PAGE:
Romney's regulatory agencies will be relatively restrained. His appointees to the National Labor Relations Board will not punish Boeing for locating a plant in a right-to-work state. He will act, within the limits of his legal authority, to keep the Environmental Protection Agency from imposing expensive restrictions on carbon emissions. He will reinstate conscience protections for pro-life health-care workers.
It's true that almost any Republican president, not just Romney, would do these things. But that’s the point.
Then there's Ponnuru's National Review colleague Jonah Goldberg. Jonah has long been my favorite NR writer, someone I respect and almost always agree with. He hasn't really taken sides in this trainwreck of a primary season, but in early February he laid out what he thought was the best argument for Romney:
Even if Romney is a Potemkin conservative (a claim I think has merit but is also exaggerated), there is an instrumental case to be made for him: It is better to have a president who owes you than to have one who claims to own you.
A President Romney would be on a very short leash...If elected, Romney must follow through for conservatives and honor his vows to repeal Obamacare, implement Representative Paul Ryan’s agenda, and stay true to his pro-life commitments.
Moreover, Romney is not a man of vision. He is a man of duty and purpose. He was told to "fix" health care in ways Massachusetts would like. He was told to fix the 2002 Olympics. He was told to create Bain Capital. He did it all. The man does his assignments.
How about RedState's own Martin Knight, offering his own take on Goldberg's column?
I don't believe he'll be a Conservative out of gratitude, i.e. because he’ll "owe" us – it will be because he'll have no choice. Keeping the GOP’s conservative rank-and-file happy would not be just be a matter of political profit for a President Romney, it will be a matter of political survival.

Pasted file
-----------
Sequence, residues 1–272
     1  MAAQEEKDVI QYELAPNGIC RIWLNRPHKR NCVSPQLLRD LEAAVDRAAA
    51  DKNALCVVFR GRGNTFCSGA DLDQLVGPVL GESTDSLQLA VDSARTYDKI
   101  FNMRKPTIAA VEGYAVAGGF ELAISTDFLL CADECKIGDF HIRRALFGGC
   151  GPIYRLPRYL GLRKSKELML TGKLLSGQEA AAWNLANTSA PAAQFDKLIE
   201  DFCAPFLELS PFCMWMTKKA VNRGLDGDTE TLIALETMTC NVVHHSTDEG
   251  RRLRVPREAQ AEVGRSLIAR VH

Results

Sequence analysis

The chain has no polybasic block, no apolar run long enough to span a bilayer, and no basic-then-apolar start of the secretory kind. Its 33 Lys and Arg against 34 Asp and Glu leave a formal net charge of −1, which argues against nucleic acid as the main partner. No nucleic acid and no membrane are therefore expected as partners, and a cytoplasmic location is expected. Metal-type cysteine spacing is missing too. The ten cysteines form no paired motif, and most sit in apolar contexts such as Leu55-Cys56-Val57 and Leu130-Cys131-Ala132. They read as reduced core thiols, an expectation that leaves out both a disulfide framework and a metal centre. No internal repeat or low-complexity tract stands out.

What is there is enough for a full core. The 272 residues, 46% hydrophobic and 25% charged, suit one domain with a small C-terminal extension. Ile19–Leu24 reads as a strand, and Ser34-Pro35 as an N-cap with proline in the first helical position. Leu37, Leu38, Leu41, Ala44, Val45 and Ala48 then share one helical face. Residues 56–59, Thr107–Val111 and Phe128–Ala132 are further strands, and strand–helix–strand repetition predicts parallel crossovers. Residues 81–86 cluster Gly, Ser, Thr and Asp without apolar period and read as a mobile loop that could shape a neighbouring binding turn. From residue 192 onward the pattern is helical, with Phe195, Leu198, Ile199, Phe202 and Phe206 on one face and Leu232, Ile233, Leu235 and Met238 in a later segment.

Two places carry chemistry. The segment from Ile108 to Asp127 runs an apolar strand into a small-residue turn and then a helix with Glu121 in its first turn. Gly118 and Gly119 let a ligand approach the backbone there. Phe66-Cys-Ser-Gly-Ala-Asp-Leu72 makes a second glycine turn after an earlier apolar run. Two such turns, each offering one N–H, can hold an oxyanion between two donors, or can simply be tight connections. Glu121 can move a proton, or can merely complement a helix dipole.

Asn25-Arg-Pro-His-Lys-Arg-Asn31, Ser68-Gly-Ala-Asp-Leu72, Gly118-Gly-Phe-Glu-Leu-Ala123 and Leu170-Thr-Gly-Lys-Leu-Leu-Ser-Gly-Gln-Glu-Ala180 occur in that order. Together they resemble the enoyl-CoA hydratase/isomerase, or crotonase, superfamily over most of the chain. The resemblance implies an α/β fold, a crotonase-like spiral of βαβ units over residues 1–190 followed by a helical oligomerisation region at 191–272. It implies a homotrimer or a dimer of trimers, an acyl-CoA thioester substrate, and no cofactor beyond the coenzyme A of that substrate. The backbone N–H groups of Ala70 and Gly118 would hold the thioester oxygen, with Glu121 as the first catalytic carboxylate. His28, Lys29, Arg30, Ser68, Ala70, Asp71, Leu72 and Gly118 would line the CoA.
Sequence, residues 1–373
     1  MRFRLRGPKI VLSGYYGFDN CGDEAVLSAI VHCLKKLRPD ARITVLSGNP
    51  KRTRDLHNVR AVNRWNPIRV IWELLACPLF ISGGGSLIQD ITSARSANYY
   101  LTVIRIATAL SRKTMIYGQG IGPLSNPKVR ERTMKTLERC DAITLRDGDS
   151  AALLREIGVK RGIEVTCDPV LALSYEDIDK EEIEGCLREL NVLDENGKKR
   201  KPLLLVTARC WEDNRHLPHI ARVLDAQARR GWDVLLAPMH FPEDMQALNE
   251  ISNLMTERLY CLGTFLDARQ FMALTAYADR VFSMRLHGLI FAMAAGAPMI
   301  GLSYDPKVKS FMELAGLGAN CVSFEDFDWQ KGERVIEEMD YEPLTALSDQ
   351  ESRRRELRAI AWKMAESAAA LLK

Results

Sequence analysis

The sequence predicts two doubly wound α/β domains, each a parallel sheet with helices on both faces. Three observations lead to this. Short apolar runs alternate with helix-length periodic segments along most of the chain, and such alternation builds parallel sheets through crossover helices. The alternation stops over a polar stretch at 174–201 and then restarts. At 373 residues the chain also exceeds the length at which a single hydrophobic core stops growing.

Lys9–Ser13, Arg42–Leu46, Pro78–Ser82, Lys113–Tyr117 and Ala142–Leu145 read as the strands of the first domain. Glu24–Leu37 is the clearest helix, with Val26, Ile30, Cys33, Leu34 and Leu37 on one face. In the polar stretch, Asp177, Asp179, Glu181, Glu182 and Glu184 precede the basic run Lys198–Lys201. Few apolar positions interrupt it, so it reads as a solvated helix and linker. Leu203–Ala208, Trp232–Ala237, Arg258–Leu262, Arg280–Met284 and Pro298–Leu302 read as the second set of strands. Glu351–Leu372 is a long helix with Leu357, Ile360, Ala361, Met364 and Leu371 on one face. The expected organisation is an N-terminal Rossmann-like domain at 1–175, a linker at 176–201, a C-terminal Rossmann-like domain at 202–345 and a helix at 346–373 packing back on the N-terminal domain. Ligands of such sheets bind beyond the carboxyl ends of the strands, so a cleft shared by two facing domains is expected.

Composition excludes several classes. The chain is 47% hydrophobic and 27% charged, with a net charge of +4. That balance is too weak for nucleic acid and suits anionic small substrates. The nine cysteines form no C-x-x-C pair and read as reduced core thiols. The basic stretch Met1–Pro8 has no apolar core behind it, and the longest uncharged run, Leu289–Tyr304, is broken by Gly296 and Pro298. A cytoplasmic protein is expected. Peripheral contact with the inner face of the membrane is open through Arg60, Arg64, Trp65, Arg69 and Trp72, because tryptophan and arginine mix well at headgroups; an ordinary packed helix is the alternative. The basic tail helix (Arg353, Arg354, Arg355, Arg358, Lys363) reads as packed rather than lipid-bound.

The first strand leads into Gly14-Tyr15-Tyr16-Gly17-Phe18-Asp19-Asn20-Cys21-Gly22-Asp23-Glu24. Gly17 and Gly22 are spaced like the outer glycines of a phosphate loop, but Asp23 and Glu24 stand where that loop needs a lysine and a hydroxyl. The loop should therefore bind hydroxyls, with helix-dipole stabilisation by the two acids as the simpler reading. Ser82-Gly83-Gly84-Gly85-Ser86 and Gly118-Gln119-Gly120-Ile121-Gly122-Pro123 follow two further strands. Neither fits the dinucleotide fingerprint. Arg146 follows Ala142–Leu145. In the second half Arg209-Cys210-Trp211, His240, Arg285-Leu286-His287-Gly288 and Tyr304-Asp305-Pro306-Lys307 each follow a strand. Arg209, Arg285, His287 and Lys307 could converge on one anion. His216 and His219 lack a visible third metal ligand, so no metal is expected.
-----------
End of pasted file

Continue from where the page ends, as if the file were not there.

...I believe Romney would be a strong and able President and he would be fiscally better than George W. Bush and most importantly stratospherically better than Barack Obama. I believe he will be pro-life and pro-gun in word and deed throughout his Presidency and that he would nominate conservative judges and push them through the Senate.
I believe all this because I believe that a President Mitt Romney would seek a second term in 2016. He’s too ambitious not to, and if there's anything no one can doubt, it's the breadth and depth of Mitt Romney's ambition. And he certainly would not want to be a one-term President. Which is where we’ll own him, lock, stock and barrel.
...[U]nlike 2008 and 2012, in 2016 Conservatives are going to have lots and lots of … options.
And you'd best believe that a President Romney and his staff are going to be well aware of those options and what would happen if he fails to walk the line – and the need for him to do so would be even more acute given how little he's trusted by Conservatives in the first place. No Republican White House would want a repeat of 1992 – and with so many viable alternatives, and a significantly more organized conservative base, it's not so much that a President Romney would fear not being able to win the General Election in November 2016, it’s that he might just become the very first sitting President to experience the humiliation of failing to win his own Party's nomination in the Primaries.
In point of fact, I think Martin's argument overlooks two points: (1) Romney will have enormous tools at his disposal to raise money, change the primary rules, etc. to throttle off any primary challenge and (2) even if all this works, a re-elected Romney after 2016 would have no such constraints. But take the argument as it is; it is still primarily an argument that Romney will be led rather than lead.
Next up is Leon Wolf, another RedState Contributor I greatly respect and usually agree with. Leon's point, written in early January: